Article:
A Spoke in the Wheel

Antony Sheehan, president of the Church Health Center, is here to talk about a key concept that helps keep our organization focused on changing the healthcare landscape.    

I’m a good Brit, but these days the words of a German pastor and theologian are what stick in my head. Dietrich Bonhoeffer wrote,

“We are not to simply bandage the wounds of victims beneath the wheels of injustice, we are to drive a spoke into the wheel itself.”  

I’ve spent my career in healthcare and have seen up close the effects of injustice in my own field. Many people with impressive clinical credentials are now poking at the true causes behind diseases and chronic conditions, and the realities are far more complex than anything a blood test will show.

The social and economic conditions people live in correlate both to access to healthcare and health outcomes, and one aspect is particularly important: education.  

The reality is that the number one predictor of length of life and quality of health is education. A large body of research consistently supports this truth.

The more formal education a person completes, the more likely the person is to live longer, to experience better health, to engage in behaviors that promote health, and to receive screenings that can catch disease in early stages.

Of course, multiple factors go into an individual’s ability to complete higher levels of schooling—the quality of the neighborhood school, time parents spend reading with children, family finances, the need to leave school to earn money, the truth that a weak start before age five may mean a student will not be prepared to study at a college level, or even complete high school.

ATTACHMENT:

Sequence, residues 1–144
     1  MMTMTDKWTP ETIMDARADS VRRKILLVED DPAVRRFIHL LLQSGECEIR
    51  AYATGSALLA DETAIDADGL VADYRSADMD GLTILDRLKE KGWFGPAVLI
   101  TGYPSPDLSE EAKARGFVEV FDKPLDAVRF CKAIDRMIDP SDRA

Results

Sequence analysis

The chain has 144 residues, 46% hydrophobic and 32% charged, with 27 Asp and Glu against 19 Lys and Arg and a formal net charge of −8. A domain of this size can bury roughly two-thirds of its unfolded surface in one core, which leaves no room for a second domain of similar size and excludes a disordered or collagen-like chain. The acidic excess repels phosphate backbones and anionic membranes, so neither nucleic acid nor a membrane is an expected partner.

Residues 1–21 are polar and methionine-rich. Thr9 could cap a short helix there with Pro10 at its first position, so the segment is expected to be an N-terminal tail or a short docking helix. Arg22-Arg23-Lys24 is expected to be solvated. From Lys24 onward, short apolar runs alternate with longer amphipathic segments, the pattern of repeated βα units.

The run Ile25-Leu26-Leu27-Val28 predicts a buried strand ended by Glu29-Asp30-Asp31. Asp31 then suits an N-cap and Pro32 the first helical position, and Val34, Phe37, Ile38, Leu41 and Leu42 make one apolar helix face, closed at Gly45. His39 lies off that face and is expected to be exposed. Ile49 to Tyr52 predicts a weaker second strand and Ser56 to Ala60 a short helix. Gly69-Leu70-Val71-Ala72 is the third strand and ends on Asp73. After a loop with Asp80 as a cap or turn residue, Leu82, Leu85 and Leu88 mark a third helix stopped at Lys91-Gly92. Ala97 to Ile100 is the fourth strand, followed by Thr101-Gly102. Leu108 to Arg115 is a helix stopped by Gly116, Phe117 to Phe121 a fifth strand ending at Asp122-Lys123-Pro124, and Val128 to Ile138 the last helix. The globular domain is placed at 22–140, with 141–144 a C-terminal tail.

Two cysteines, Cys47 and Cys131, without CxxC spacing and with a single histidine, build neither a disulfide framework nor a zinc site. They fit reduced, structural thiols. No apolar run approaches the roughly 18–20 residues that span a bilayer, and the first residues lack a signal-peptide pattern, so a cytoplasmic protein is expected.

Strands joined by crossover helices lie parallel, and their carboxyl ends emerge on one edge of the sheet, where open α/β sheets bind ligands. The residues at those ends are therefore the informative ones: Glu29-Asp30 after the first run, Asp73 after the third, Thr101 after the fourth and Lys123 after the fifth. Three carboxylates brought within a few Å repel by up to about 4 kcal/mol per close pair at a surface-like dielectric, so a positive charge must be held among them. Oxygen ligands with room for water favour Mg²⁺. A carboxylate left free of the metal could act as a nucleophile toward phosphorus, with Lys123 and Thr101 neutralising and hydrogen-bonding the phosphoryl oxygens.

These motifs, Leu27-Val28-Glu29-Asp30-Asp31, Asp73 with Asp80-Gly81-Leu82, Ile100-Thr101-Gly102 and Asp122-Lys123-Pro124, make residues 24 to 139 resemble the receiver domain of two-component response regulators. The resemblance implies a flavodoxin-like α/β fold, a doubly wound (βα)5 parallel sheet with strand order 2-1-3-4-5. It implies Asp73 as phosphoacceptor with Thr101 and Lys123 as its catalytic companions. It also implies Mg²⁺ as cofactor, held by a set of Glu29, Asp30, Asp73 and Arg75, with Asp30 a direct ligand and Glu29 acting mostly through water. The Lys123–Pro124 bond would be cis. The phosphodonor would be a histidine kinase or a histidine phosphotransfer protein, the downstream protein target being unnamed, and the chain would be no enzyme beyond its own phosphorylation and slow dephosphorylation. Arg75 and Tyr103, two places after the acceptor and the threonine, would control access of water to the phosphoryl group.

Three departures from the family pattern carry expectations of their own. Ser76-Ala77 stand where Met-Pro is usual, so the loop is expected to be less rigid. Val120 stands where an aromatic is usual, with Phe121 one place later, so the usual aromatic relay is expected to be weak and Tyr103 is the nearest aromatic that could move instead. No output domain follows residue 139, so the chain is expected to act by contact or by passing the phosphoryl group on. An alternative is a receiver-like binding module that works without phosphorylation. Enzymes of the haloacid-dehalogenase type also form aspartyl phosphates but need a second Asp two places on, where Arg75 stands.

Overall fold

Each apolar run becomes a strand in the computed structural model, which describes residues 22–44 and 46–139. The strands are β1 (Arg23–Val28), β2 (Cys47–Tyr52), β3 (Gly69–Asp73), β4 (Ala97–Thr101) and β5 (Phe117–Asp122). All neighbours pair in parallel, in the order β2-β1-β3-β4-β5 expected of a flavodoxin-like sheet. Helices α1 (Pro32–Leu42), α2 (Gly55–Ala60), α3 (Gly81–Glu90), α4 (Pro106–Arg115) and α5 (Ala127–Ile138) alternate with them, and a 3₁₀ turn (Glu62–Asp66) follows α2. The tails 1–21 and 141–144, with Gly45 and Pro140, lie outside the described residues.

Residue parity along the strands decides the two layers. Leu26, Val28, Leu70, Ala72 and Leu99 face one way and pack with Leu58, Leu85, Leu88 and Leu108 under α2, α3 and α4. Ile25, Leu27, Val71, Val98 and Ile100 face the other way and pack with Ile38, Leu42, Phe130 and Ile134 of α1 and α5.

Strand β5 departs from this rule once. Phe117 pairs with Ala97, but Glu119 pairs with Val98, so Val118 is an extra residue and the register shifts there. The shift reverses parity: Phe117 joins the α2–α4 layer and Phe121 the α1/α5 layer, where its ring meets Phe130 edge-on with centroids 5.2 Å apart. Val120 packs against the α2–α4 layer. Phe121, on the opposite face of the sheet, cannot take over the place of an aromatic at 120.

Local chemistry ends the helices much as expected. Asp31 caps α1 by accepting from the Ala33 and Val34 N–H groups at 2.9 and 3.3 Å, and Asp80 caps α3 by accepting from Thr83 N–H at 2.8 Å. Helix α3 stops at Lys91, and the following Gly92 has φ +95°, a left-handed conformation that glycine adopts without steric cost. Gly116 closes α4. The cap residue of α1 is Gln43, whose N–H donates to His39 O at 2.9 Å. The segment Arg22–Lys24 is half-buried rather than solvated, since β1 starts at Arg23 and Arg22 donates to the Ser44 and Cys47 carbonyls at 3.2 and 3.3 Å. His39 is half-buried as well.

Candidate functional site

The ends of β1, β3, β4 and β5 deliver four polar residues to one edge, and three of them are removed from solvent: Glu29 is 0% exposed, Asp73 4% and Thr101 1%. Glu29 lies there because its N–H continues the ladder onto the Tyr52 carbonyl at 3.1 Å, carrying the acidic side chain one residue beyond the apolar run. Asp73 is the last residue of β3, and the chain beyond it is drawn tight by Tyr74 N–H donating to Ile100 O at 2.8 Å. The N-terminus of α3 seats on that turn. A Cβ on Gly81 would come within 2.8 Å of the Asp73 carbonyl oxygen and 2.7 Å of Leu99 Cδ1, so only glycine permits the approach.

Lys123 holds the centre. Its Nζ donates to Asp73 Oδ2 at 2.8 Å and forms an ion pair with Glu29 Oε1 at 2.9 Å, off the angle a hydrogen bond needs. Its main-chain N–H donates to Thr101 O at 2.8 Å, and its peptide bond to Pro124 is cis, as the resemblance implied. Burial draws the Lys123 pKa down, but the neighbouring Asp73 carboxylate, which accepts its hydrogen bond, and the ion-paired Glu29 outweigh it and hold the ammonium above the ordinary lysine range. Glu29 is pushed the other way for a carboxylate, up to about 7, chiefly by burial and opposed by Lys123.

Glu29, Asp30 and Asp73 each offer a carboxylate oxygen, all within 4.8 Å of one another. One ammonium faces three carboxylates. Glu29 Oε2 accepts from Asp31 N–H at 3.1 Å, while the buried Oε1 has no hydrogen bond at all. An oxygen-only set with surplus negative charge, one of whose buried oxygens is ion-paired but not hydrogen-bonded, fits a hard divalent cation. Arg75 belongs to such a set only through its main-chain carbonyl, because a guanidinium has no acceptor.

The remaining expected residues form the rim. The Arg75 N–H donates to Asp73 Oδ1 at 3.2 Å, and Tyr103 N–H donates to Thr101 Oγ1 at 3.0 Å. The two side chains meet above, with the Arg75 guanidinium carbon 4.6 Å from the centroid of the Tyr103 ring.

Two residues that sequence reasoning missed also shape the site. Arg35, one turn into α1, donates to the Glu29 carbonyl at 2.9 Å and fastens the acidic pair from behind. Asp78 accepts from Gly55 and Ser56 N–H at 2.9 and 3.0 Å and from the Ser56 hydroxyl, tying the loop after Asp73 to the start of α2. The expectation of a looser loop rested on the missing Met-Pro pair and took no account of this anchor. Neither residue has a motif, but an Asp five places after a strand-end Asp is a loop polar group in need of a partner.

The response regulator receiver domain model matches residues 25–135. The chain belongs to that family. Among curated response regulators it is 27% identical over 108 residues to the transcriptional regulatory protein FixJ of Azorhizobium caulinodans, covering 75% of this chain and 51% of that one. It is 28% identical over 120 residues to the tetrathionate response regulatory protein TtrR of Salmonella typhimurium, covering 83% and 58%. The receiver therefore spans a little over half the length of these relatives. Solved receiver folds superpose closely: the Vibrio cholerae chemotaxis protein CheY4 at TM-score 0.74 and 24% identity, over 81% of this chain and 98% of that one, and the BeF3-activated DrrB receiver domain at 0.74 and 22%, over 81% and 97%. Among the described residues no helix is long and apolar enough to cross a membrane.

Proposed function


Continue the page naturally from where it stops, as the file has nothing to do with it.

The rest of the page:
The World Health Organization defines health inequities as inequalities that are avoidable—in other words, we can do something about them. So if health inequities are linked to educational inequities, where should we start?  

Michael Marmot, a British public health researcher, develops the notion of life chances versus life choices. He observes that our public health intervention is predicated largely on telling people that if they make different choices, they’ll have healthier lives. Choose to eat differently. Choose to have better relationships. Choose to have a meaningful career. Choose to get an education.

But can people who do not have life chances actually make life choices? Marmot doesn’t think so. Neither do I. People without socioeconomic chances are not in a position to make life choices.

Education is a spoke that we can drive into the wheel of health injustice before it crushes another generation. 

The Church Health Center already operates one of the best preschool programs in Memphis, giving many children from low-income households a head start on being ready for lifelong learning. Two years from now, when we are housed in the redeveloped Sears Crosstown building, we’ll be alongside a charter school. Young children cannot choose where they are born, what their environment is, or how much money their parents earn. Focusing on their education now creates decades of future life chances—in employment, in problem-solving, in a sense of self—that will result in life choices leading to health.


A Clinic and a Community

I am pleased to have Antony Sheehan on the blog today. Antony came to the Church Health Center last year after holding senior positions in the British health system and a fellowship at the Institute for Healthcare Improvement in Boston. I value Antony’s leadership and partnership as the Church Health Center moves into its future.    

For all of its history the Church Health Center has valued collaborations within Memphis, Tennessee. We are concerned not only for our own stability as an organization, but for also seeing results in the wider community’s effort to improve the health of the city.